Your comment about groceries is dire. Production of food is elastic. Production of land is not. Taxing those who simply try to be middle men to be, yes, a rentier is a good thing. Not to take a cut but to get rid of them.
So many bad comments on HN that fail to understand elasticity and how prices are set. I'm off.
1. What percentage of Airbnb users belong to each category? Why do you ignore the former and hope 'they all get their fingers badly burned when rates rise'?
2. You still have provided no argument as to why the latter should be 'taxed out of existence'.
> Your comment about groceries is dire. Production of food is elastic. Production of land is not.
This is irrelevant to the point you and I were discussing, namely, that restricting the supply of something will not magically lower its price. It works just as well with any other supply-inelastic good or service.
> Taxing those who simply try to be middle men to be, yes, a rentier is a good thing.
Can you clarify what you mean by 'those who simply try to be middle men'?
> So many bad comments on HN that fail to understand elasticity and how prices are set. I'm off.
1. It's a bit ironic for you to make this accusation when you're literally advocating for taxing an entire economic sector 'out of existence'.
2. I made no comments about elasticity of supply. You did.
I find it bizarre that you think renting out your home doesn't count as a 'service'. It certainly is a service by any reasonable definition of the word (including the one economists use).
Someone wasn't paying attention in econ class.
AirBnb is for short-term rentals only. It does not target people in Montreal looking for 12 month rolling tenancies. But it does reduce supply as landlords move from supplying 12 month places to airbnb.
If we made life harder for airbnb supply would go up of rentals for families. Or landlords would sell up reducing prices and allowing families who presently rent to buy.
Yes there are some people on hacker news who just want to get their 200k and not have to worry about commitment. I don't care about them, they can sort themselves out. I want access for families to local schools.
The people offering this "service" just want to make a quick buck for very little work. They bring nothing to the community and make life harder for many families.
> But you contradict yourself as econ 101 always states supply and demand.
Your sentence is incomprehensible. Please explain how I'm contradicting myself.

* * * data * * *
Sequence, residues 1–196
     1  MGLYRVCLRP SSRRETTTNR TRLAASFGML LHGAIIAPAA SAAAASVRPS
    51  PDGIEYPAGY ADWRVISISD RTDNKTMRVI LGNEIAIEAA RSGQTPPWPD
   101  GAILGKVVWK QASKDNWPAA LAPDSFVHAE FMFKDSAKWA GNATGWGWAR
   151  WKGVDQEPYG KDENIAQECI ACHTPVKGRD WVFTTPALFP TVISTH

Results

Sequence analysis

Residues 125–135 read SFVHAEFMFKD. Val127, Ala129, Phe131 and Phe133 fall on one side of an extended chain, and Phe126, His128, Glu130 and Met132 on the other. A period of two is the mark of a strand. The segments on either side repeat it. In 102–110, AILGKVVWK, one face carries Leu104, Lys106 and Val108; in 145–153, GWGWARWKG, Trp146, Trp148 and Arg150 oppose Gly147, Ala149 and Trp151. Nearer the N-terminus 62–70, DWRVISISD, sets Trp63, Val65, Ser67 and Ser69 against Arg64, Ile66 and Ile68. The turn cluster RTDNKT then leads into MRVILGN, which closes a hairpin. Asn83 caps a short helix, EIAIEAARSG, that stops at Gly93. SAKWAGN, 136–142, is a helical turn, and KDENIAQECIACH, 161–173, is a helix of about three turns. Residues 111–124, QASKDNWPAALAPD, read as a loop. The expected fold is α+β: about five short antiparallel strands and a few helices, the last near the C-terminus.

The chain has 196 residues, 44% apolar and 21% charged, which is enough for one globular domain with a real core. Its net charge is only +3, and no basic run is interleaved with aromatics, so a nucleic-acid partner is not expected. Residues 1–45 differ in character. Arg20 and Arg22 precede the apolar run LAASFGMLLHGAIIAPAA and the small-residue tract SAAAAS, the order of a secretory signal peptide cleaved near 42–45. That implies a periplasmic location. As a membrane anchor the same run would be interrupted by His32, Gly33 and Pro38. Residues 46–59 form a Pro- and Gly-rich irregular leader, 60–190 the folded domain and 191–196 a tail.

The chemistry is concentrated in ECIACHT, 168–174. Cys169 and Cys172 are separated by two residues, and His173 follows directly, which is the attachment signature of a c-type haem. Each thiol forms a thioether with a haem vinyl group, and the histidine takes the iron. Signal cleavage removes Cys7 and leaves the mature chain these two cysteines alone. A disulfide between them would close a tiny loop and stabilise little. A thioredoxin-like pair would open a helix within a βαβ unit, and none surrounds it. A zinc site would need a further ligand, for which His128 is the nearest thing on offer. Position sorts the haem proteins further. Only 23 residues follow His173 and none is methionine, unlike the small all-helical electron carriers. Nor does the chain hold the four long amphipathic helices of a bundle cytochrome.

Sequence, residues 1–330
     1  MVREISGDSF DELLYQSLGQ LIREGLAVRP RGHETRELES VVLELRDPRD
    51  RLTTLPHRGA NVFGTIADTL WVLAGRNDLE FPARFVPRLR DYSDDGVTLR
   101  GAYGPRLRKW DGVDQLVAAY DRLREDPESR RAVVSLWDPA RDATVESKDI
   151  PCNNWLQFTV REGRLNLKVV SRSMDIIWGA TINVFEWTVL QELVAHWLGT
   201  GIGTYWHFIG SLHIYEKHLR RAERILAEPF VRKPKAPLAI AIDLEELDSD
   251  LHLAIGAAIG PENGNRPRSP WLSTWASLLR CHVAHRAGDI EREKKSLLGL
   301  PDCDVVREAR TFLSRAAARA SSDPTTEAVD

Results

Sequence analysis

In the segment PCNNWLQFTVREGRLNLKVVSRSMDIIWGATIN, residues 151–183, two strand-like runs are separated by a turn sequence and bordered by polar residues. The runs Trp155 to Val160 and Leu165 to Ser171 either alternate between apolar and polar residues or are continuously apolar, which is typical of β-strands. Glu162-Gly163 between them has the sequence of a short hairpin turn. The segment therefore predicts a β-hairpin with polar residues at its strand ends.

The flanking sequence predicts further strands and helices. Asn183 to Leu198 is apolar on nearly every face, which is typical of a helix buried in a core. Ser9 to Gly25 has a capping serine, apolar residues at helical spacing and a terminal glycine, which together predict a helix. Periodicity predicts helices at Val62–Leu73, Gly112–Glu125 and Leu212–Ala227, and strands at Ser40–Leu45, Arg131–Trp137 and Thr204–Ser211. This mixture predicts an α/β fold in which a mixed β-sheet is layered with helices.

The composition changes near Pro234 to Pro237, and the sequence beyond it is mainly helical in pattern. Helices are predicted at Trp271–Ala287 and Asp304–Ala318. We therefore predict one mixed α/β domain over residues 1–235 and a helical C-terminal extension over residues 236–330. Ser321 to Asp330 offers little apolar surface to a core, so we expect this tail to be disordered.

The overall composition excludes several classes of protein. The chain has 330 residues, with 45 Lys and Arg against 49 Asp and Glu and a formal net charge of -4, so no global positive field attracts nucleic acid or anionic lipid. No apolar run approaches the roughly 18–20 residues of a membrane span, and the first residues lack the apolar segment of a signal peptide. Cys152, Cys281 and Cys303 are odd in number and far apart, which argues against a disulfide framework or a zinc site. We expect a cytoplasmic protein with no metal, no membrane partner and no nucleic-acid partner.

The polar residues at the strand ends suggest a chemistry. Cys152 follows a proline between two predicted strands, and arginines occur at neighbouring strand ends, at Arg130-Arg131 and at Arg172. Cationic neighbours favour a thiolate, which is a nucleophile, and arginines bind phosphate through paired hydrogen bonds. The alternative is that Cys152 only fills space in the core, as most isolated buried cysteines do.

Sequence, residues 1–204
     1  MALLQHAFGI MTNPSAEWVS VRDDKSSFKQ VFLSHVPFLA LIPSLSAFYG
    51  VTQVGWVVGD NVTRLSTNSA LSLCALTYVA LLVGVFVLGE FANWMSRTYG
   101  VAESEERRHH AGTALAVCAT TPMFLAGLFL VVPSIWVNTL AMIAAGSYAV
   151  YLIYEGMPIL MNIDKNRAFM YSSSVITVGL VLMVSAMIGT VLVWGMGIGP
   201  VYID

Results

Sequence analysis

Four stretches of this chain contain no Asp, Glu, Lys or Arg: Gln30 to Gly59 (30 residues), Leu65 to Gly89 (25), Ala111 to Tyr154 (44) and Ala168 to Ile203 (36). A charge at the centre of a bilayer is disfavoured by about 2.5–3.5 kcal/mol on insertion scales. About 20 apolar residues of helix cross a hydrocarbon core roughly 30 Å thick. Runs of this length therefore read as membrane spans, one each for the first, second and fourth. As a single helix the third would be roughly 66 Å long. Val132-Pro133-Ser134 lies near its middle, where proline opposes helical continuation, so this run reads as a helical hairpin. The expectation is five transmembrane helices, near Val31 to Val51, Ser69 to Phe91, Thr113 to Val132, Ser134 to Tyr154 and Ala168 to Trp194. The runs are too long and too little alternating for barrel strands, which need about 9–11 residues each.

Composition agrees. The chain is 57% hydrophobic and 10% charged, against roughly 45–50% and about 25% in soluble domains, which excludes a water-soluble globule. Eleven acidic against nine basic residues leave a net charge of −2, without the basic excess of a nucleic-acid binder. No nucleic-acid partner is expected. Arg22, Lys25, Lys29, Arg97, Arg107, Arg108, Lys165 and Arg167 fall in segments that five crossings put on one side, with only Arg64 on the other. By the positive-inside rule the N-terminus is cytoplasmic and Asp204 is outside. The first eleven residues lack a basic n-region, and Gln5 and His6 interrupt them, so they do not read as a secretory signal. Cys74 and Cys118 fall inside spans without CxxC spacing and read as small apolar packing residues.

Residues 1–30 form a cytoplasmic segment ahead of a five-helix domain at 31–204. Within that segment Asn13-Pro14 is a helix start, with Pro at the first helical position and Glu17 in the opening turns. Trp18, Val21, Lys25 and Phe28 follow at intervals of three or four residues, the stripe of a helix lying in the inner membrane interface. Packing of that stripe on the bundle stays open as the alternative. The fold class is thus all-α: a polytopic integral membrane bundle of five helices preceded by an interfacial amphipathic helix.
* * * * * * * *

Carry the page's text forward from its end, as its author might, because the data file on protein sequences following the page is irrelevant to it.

> AirBnb is for short-term rentals only. It does not target people in Montreal looking for 12 month rolling tenancies. But it does reduce supply as landlords move from supplying 12 month places to airbnb. If we made life harder for airbnb supply would go up of rentals for families. Or landlords would sell up reducing prices and allowing families who presently rent to buy.
Why should we favor 12-month rentees at the expense of the rest of society, to the point of forcing everyone else out?
> They bring nothing to the community and make life harder for many families.
I know right? They've brought absolutely nothing of value to the millions of customers who use their service. That's why they keep using it, of course!
It means Air BnB can scale even more, take savvy incorporated entrepreneurs in the field for example. They can even pretend to be a private home holders.. Now it is all in the books, reported and regulated.
These still continue - I used cottages.com to rent a cottage in Wales last week. That tourism is what drives the local economy.
Sites like that (others are available) have city locations too, I've used similar sites to book in Rome and Berlin
Air bnb's key feature, like uber, is its global reach. I've used uber on 6 continents because it's always the same. I don't use it in some locations due to safety considerations, but in most cities it's far easier and nicer (compare an uber with a manhattan cab where you are force fed adverts and have to "tip" a driver who probably won't even take a credit card.
I've never risked airbnb stay though - came close when I spent a month in singapore, but too many horror stories, and I had my family with me. Didn't want to have the police evicting us in the middle of the night 2 weeks in, found a proper managed appartment. Singapore really doesn't like airbnb as most housing is government owned (to keep prices affordable), and you have to be a citizen to live there. Prevents the country turning into something horrible like Dubai.
- Airbnb and Uber hostility
- Dairy cartel
- Language police
- World Nomads (travel insurance) exclusion
- Contests exclusion
- Worst ER wait times